1. Matt says:

    including recently making threats of violence online or in person,

    This part concerns me. Are we talking something as simple as “hey stop physically attacking me or I’ll kick your ass in self defense” or “DEATH TO ALL MUSLIMS!!!”?? A warning could easily be taken out of context as a threat of violence. I haven’t had any luck find any information on this. Anyone got something to help me?




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  2. In addition to the executive power issue, I am concerned by any laws that start to impose reporting duties of medical practitioners, especially when it comes to mental health issues.

    The stigma in this country against discussing mental illness remains strong, and the people who need help are already reluctant to seek help in many cases due to that stigma. If we start creating the impression that psychiatry is becoming a tool of the state, then people who need help are going to be less likely to seek it out. Additionally, I am concerned about what kinds of mental illness would disqualify someone from exercising their Second Amendment rights. Will it be confined to people who pose obvious risks to themselves or others, or would it be broader than that? What about people who suffer from chronic conditions such as depression and are under treatment that may or may not include medication? Are they to be denied the right to possess a weapon just like the obvious “crazy” people?

    I wrote about these issues in the wake of the Gabby Giffords shooting back in 2011. My opinions haven’t really changed since then and I think we need to have serious discussions rather than rushing headlong into a perceived “solution” in the face of an undeniable tragedy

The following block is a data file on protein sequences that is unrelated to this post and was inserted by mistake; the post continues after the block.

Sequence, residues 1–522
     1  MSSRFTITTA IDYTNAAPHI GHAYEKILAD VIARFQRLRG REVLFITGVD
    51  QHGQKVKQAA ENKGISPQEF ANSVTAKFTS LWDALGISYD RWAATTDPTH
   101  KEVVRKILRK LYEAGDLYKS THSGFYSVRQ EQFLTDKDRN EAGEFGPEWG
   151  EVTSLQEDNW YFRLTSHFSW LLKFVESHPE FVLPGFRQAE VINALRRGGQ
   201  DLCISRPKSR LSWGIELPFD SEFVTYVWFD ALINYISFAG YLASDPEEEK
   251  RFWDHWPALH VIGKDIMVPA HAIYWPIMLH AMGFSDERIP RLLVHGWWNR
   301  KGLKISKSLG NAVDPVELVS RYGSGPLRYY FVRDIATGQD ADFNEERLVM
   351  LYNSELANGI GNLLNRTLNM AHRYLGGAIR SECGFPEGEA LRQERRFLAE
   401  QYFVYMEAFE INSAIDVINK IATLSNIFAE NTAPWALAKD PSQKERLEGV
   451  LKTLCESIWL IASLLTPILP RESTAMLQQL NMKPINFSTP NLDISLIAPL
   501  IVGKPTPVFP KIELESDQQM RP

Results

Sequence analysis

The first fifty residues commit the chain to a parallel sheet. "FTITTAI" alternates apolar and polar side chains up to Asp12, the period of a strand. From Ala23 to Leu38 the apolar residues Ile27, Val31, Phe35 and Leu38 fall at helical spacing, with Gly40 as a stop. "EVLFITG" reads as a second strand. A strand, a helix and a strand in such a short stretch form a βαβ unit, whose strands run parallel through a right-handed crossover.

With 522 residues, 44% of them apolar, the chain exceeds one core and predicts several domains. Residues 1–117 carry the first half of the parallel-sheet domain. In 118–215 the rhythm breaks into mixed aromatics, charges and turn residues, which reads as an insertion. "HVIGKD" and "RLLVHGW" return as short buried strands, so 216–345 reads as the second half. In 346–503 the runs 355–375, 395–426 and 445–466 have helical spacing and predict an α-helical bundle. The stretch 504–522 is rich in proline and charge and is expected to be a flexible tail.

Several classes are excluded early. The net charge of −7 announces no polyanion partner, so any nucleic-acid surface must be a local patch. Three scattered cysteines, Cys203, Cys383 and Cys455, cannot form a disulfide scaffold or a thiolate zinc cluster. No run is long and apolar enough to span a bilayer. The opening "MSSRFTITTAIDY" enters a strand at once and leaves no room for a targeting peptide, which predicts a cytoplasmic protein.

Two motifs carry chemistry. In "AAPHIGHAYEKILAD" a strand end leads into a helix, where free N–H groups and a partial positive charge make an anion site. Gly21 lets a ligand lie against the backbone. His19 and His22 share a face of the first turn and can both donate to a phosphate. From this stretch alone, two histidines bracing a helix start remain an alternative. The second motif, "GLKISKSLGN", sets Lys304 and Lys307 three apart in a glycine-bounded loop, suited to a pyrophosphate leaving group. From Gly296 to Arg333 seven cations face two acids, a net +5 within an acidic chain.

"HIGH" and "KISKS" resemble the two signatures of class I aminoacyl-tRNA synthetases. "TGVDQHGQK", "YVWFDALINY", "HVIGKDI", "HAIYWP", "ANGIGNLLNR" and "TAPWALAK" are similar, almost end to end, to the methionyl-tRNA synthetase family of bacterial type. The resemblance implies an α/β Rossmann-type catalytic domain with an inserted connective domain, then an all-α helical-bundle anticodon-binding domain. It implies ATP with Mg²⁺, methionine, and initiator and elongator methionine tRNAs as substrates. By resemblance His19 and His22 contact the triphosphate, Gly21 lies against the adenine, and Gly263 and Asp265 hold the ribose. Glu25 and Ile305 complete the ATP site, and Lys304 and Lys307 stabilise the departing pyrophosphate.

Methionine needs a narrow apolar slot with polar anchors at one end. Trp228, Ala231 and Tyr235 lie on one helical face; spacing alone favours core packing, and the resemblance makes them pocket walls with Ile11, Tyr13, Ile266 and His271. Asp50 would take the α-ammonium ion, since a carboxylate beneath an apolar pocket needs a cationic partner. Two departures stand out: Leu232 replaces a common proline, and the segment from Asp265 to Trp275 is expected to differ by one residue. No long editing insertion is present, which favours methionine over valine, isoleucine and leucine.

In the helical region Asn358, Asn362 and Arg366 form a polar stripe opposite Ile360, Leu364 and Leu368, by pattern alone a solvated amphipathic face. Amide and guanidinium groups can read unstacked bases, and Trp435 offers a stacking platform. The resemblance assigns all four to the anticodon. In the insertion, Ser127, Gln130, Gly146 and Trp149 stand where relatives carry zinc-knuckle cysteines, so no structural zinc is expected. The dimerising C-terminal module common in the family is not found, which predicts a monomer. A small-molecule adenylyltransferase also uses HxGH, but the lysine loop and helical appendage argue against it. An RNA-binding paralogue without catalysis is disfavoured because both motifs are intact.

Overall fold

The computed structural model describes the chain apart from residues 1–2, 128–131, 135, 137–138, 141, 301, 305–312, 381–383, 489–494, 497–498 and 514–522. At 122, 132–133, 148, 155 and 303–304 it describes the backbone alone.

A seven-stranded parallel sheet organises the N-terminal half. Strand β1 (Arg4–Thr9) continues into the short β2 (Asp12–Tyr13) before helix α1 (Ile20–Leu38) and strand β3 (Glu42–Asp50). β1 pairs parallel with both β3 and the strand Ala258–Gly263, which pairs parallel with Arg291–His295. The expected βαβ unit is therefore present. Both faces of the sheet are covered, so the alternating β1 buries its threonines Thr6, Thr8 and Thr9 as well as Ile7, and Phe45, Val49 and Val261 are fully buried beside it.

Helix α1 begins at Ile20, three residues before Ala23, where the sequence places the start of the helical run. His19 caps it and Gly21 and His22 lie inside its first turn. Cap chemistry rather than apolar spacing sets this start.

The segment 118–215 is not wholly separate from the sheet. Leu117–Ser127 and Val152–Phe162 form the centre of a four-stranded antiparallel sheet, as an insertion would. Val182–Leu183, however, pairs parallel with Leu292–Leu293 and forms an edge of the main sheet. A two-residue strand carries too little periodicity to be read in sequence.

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  3. MarkedMan says:

    It’s going to be an interesting ride if the police start entering homes to confiscate guns.




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  4. MarkedMan says:

    @Doug Mataconis: My understanding is that mental health professionals are already required to report actual threats to kill, although this may vary from state to state. And I would guess the NRA is against it.




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  5. @MarkedMan:

    Yes, but the standards are quite high. Many of the proposals I’ve seen vis a vis changes in the law would seem to make the number of cases in which reporting would be mandatory to be quite larger.




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  6. SKI says: